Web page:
Google co-founder on the future of AI wearables (and his Google Glass regrets)

Kerry Wan/ZDNET

Most people will remember Sergey Brin for his iconic (and courageous) demo of Google Glass during Google’s I/O developer conference in 2012. 12 years later, the Google co-founder is back at I/O, but to talk about other things… sort of.

Also: 9 biggest announcements at Google I/O 2024: Gemini, Search, Project Astra, and more

Following the opening day keynote earlier this week, in an intimate Q&A session with members of the press, Brin shared his thoughts on Project Astra, Gemini Pro 1.5, and his number one AI use case.

Project Astra, Google’s multimodal vision of “intelligent systems that show reasoning, planning, and memory,” was arguably the most ambitious AI announcement during the day’s two-hour keynote. The naming, much like Project Starline, says it all. Fittingly, the conversational tech was demoed with the camera app on a phone and a pair of smart glasses.

“It’s funny because it’s like the perfect hardware,” Brin responded when asked about Project Astra and how its potential wearable form factor compares to the now decade-old Google Glass. “It’s like the killer app now, 10 years later. (I just wish I) had timed that a bit better,” the Google co-founder added.

Also: Meet Gemini Live: Like FaceTiming with a friend who knows everything

While the rise and fall of Google Glass is a story in and of itself, the vision of the product has made a dramatic comeback in recent years thanks to AI tech and the pursuit of finding the best hardware to suit it — whether that be glasses, lapel pins, or orange squares. Brin’s preference? Something that’s hands-free, wearable, and not a phone.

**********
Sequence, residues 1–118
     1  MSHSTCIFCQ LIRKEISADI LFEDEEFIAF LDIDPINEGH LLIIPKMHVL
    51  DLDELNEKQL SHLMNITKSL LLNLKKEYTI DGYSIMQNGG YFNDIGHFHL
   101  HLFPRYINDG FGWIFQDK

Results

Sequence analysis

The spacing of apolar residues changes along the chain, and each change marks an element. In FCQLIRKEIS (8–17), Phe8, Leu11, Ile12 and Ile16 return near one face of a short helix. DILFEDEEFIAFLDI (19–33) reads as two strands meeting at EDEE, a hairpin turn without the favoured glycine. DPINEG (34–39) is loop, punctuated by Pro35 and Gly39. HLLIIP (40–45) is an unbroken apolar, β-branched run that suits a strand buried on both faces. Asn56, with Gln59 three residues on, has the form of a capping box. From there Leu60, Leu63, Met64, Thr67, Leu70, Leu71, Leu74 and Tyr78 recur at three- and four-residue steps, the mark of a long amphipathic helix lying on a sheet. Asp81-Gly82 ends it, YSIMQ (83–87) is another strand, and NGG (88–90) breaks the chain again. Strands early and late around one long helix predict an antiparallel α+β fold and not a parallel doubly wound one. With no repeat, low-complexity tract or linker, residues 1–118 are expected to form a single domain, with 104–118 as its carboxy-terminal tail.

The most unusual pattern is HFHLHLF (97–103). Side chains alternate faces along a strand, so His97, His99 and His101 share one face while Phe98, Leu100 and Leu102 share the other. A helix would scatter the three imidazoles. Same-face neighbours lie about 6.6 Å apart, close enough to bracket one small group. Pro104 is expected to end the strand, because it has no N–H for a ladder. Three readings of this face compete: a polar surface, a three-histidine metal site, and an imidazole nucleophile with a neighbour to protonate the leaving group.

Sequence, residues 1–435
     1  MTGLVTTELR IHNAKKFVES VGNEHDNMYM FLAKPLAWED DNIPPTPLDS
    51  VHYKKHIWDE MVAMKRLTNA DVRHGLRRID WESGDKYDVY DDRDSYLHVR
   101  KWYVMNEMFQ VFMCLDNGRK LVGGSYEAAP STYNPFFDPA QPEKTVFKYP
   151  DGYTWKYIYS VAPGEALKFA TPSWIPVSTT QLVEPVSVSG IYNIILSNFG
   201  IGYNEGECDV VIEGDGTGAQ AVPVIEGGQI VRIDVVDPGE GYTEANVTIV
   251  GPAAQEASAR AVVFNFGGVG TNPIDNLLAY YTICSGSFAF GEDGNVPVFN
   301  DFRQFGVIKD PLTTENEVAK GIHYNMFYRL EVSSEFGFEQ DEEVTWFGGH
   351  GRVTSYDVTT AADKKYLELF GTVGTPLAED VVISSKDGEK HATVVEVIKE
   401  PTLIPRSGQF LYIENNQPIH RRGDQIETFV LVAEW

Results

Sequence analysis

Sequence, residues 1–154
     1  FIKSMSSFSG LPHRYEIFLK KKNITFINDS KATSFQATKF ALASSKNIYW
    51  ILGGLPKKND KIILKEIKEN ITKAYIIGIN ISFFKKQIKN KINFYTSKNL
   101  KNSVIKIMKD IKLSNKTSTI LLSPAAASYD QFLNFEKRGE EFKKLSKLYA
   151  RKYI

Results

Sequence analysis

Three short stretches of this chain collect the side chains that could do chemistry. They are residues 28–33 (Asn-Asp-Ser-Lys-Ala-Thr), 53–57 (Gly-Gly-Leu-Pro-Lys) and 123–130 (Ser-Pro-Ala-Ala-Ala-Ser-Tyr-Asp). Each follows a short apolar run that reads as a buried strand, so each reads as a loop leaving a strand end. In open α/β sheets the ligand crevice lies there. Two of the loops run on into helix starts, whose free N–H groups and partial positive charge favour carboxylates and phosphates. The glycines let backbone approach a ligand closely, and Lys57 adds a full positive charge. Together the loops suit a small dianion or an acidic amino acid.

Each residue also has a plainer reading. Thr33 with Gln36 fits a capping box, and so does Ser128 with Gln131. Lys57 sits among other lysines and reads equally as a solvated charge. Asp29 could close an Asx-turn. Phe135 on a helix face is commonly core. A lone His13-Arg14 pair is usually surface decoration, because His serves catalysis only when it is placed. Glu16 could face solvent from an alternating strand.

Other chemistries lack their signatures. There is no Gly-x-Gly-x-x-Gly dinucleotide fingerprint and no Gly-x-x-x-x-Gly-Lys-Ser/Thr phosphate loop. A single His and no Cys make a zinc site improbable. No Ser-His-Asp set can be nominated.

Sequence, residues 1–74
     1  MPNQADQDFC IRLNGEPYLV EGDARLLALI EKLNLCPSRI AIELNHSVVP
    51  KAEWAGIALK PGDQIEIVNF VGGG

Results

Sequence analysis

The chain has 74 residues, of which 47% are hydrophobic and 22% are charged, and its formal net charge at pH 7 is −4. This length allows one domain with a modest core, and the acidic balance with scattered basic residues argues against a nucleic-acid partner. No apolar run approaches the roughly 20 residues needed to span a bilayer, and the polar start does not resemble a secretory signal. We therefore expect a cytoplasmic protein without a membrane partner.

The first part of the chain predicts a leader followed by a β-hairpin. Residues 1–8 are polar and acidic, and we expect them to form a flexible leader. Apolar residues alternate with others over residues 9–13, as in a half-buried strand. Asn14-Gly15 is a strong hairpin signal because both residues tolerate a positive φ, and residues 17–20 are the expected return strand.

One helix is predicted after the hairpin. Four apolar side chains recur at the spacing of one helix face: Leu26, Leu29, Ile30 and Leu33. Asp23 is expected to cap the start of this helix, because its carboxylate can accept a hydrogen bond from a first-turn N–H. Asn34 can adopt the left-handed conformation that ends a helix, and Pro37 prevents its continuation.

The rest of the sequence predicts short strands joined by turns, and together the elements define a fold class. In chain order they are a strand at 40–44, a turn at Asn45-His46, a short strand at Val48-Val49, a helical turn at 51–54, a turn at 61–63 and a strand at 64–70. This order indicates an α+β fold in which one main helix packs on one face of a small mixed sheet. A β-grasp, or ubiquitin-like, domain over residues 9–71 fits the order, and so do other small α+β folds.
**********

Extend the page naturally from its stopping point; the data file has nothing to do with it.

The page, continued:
The latter is where Google may be headed in the near term, with the company having announced several multimodal Gemini integrations with Android phones at I/O. In the future, a more frictionless experience that does away with having to point a screen around makes sense.

Meta Ray-Ban Smart Glasses

The Meta Ray-Ban smart glasses feature multimodal AI capabilties for image-based quieries.

Kerry Wan/ZDNET

Beyond the hardware, what really excites Brin — and was the primary reason for his return to Google after retiring in 2019 — is AI. Since rejoining the company in 2023, as reported by The Wall Street Journal, Brin has been integral in developing Google AI products like Gemini, which continues to expand as the general model backbone of various Google devices and services.

Also: 3 new Gemini Advanced features unveiled at Google I/O 2024

At I/O this year, Google unveiled an updated Gemini Pro 1.5 model, capable of being fed 2 million tokens (up from 1 million) in order to hold longer conversations and process larger-sized documents. The most impressive part, to Brin, is the generalizability of the AI model, from being able to pull summaries from multiple Gmail messages to coding, the co-founder’s favorite AI use case. 

“Being a computer scientist, I want to a part of that (AI),” said Brin. “I can’t imagine a better time to be a computer scientist than now.”

Originally Appeared Here

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About the Author: Rayne Chancer